Yitzhak Zehavi, the (secular) head of the ultra-Orthodox Division of the Ministry of Education, claimed that the vast majority of problems and complaints have already been handled and that there are only a handful of girls left without a school. During the discussion, Lallum presented the case of a Mizrahi girl, who was not accepted into one of the seminars. He claimed that Zehavi rejected her appeal, preferring instead to accept the excuse given by the school's administrator that the girl was insufficiently ultra-Orthodox. The problem was that her parents owned a television set even though it was in storage, it was claimed.
Talking to Al-Monitor, Margi accused the Education Ministry and Zehavi of piling up enormous difficulties to counter his effort to fight against discrimination. While he admits that there has been a drop in the number of girls being kept out of Ashkenazi ultra-Orthodox schools, from several hundred just five years ago to dozens, the phenomenon still exists and its scope is significant. He said that the drop can also be attributed to girls from Mizrahi backgrounds being redirected to seminars of lower standards, where there is no competition over places.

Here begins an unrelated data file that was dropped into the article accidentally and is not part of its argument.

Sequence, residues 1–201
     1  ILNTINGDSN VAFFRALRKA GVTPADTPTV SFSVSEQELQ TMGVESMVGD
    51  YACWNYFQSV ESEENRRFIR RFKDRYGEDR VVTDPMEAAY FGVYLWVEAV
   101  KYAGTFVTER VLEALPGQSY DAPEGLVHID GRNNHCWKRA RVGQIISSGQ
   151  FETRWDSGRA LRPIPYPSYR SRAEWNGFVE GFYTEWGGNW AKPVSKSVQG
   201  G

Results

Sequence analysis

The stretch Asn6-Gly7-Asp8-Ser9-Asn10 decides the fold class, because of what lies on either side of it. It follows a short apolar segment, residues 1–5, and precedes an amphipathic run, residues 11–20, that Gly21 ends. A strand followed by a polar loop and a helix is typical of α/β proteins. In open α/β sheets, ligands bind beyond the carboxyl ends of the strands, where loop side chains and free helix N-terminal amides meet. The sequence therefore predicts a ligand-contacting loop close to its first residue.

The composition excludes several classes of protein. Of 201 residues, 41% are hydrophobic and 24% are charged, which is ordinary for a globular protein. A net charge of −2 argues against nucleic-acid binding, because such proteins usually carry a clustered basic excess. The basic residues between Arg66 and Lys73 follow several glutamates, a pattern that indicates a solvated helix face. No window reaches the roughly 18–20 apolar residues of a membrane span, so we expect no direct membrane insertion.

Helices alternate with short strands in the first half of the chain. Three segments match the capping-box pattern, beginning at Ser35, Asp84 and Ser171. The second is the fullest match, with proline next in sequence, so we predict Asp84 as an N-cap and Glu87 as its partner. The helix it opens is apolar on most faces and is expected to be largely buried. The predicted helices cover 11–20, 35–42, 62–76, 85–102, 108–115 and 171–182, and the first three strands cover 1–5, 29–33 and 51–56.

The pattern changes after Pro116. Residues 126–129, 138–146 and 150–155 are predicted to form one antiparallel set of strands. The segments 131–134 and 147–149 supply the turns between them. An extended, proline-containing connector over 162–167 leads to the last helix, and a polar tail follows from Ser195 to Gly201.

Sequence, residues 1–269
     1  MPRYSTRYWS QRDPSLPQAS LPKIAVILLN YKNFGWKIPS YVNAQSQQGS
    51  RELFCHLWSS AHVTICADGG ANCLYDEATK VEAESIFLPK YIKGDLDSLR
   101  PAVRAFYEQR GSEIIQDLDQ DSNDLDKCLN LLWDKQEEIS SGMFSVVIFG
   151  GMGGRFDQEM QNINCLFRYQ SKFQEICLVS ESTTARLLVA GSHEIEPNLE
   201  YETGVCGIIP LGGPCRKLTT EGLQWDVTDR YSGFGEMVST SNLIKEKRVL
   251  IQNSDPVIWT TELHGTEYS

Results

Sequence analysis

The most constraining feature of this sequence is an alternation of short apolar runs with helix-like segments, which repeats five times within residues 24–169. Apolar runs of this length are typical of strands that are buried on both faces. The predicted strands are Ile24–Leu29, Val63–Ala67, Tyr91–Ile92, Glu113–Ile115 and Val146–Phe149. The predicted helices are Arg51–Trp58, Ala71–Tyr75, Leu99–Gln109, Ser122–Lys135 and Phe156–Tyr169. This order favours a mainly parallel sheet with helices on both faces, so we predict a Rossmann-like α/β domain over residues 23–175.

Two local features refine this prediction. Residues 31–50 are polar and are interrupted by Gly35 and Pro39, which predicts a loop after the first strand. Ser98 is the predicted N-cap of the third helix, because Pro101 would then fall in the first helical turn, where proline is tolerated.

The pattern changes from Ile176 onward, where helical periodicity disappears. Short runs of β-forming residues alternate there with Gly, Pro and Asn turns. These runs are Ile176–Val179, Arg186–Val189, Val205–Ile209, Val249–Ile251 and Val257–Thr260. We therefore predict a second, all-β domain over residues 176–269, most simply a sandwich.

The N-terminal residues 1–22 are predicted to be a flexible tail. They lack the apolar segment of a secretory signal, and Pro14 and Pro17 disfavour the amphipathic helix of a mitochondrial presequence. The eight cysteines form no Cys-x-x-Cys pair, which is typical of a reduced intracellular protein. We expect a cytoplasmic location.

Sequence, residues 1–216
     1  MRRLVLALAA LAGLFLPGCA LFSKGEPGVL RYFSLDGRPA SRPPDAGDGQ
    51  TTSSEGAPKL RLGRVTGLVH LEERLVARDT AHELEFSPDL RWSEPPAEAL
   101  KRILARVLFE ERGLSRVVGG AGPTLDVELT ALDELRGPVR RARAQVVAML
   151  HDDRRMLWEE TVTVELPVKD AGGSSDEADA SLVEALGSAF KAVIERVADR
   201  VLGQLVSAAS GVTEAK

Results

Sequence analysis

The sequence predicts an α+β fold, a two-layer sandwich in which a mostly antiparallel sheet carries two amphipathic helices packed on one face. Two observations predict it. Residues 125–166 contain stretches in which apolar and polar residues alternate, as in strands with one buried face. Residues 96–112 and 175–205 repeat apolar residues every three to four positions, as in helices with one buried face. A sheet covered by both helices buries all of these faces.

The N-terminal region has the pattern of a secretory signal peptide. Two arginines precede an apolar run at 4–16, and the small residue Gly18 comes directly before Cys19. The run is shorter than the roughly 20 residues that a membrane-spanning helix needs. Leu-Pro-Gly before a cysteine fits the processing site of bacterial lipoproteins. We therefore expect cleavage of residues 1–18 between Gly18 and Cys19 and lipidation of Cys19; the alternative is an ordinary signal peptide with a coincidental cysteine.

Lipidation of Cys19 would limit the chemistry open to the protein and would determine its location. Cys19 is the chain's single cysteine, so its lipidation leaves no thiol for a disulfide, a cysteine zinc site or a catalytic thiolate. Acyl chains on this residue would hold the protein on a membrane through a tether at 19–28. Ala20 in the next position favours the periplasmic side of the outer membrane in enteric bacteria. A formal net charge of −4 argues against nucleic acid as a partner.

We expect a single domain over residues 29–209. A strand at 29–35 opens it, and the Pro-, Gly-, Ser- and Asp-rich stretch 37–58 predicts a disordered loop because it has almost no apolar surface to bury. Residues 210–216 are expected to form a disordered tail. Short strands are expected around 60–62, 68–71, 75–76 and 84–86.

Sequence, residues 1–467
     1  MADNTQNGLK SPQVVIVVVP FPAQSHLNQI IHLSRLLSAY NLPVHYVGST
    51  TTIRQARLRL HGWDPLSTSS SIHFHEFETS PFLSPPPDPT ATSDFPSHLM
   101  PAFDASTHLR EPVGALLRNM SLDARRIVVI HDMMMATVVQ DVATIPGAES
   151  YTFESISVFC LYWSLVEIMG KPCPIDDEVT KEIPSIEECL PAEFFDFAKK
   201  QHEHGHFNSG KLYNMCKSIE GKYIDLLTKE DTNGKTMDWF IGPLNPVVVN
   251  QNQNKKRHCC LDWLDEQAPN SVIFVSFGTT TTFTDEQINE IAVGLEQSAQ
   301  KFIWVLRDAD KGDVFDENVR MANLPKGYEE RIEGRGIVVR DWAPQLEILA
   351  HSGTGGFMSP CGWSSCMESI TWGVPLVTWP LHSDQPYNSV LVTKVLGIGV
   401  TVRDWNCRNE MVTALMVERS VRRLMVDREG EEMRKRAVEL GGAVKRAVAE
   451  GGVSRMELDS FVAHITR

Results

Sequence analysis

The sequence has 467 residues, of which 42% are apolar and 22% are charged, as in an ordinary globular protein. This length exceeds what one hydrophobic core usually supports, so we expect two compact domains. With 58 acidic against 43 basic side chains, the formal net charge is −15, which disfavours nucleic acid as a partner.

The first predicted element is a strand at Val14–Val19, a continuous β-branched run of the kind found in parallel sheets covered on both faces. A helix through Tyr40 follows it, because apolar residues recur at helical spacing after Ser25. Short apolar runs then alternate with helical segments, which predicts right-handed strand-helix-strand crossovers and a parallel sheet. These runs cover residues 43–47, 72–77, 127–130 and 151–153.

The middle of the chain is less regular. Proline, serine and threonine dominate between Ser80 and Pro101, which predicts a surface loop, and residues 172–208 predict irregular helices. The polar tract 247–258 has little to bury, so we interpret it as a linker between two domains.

Together with Knesset member Meir Cohen of Yesh Atid, Margi has been trying to pass legislation that would prevent discrimination of this kind by imposing punitive measures against the schools' administrators. Much to his embarrassment, his own party, Shas, opposed his proposed legislation, apparently to avoid getting into conflict with the Ashkenazi ultra-Orthodox Yahadut HaTorah party. Growing criticism of Shas from its own voter base and the party's tendency to distance itself from the traditional Mizrahi community in favor of the Ashkenazi ultra-Orthodox, as Mazal Mualem analyzed here two weeks ago, has resulted in the party falling below the electoral threshold in a poll published Nov. 19.